We picked this place near our apartment because it was offering the Daily Meal and we wanted to try it out. It wasn’t the best meal we had in Seville but it wasn’t bad either. Mine was actually quite tasty. The lentils stewed with meat was yummy and filling and the fried cod bits were quite good too. With wine and bread it was a decent meal.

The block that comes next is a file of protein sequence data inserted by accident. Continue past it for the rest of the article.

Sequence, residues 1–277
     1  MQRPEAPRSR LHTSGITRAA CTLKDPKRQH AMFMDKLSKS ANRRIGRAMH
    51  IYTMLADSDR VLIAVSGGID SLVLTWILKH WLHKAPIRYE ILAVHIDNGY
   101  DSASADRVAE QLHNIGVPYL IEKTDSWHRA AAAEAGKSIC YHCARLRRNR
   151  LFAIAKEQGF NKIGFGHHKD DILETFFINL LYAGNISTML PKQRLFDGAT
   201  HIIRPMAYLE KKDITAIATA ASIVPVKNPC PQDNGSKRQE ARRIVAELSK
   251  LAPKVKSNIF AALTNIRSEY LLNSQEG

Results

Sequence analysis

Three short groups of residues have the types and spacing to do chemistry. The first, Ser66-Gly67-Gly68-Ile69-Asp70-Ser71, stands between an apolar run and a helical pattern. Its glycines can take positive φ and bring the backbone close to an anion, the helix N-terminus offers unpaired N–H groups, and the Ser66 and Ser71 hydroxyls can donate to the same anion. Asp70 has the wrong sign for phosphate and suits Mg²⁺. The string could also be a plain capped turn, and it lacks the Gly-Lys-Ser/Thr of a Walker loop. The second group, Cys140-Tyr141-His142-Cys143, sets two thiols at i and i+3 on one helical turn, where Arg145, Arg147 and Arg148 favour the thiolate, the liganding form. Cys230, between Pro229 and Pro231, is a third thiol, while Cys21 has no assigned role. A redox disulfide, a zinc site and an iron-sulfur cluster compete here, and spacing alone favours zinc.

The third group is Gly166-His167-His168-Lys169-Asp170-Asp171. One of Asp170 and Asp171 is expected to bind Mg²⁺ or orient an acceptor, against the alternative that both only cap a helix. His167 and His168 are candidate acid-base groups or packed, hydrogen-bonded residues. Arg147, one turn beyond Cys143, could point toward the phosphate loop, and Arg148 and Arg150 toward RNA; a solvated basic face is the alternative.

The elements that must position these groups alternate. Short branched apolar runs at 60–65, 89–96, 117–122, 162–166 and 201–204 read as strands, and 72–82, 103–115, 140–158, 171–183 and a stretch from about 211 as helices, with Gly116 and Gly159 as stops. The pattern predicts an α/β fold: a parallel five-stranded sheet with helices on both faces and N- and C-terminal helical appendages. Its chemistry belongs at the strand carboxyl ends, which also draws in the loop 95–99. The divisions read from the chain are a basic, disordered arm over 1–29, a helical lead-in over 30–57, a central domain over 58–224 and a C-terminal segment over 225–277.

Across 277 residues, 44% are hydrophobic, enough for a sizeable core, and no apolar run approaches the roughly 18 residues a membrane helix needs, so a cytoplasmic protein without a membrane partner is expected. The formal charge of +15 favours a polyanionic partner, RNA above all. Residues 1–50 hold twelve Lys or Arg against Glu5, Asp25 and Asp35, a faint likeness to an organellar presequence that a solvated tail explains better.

Our second go at Daily Meal was right across the street from Las Teresas. A cute little traditional looking place with an empty table for us outside. Our sherry guide warned us against paella in Seville but I thought our was quite tasty and the meatballs were delicious. Katy’s egg dish was likewise delicious. So no complaints at all. Probably the thing to remember with Daily Meal is that the dish selections are more limited than the tapas menu. Sometimes it’s possible to construct a set of 4 tapas that you might like better for a similar price. But give it a go if it’s an option.